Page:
A few months after the donut-shaped Mars rock made its mysterious appearance (which we now know was thanks to being moved around by Opportunity Rover), scientists are pondering another great, and bigger, cosmic mystery — an object described as a “magic island” that suddenly appeared and then disappeared from one of Titan’s lakes.
NASA’s Cassini probe has been hanging out around Saturn’s largest moon for a while now, capturing image after remarkable image. Scientists examining those images found one that revealed a big object in the middle of one of Titan’s biggest bodies of water, Ligeia Mare, which is nearly 500 feet deep. Cassini snapped images of the sea in 2007, 2009, and 2013, and an image from July 10, 2013 shows a mysterious white blob, which scientists are calling the “magic island” until they know more. The island is approximately six miles wide and 12 miles long, and it doesn’t appear in images captured just two weeks later.
Current theories to explain the mass include the possibility that bubbles surfaced from something underwater, that some material such as heavy hydrocarbons is hanging out just under the surface, that something prompted wave action (despite none having been previously observed there before), or that an iceberg separated from the icy shores. The northern hemisphere of Titan is warming up as summer approaches (it will be in full swing by 2017), which may be having enough of an effect on the lake to generate such an image. Planetary scientist Jason Hofgartner says, “We can’t be sure what it is yet because we only have the one image, but it’s not something you would normally see on Titan.”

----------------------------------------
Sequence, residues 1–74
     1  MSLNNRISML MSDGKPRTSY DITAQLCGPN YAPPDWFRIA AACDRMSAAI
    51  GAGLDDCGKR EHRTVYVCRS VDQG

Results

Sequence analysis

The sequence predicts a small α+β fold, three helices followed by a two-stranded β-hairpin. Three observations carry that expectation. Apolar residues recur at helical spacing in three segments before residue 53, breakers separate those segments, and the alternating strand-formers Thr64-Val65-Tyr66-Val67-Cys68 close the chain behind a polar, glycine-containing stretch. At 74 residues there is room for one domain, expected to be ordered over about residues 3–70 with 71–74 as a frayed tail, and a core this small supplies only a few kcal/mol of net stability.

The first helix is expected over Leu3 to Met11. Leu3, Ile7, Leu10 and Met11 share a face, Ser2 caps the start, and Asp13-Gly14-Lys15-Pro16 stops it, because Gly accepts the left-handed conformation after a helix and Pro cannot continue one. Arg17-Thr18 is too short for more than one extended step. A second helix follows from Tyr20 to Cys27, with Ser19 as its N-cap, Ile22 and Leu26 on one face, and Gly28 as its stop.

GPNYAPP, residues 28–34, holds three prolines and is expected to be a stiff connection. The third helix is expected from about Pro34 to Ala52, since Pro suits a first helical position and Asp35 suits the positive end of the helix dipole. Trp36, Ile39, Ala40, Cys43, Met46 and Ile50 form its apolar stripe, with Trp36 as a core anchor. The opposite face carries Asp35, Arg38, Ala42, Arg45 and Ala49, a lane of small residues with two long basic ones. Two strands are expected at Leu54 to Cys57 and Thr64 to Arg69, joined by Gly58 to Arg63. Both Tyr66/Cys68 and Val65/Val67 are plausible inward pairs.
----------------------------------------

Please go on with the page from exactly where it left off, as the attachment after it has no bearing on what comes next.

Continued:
But Titan is a mecca for all kinds of weird stuff. Other than Earth, it’s the only place we know of to have stable oceans of water on its surface, as well as rainfall. Those bodies of water are comprised of methane and ethane, and Titan’s polar lakes contain “hundreds of times more natural gas and other liquid hydrocarbons than all the known oil and natural gas reserves on Earth,” according to NASA scientists. Those hydrocarbon seas are about -180C.
Scientists will continue monitoring and studying the area, and some have toyed with the idea of sending some kind of floating sea craft to the moon for up-close study. NASA has even discussed sending a balloon and rover to Titan. Whatever the explanation for the magic island is, one thing we know for sure is that it’s far from the last mystery Titan will provide.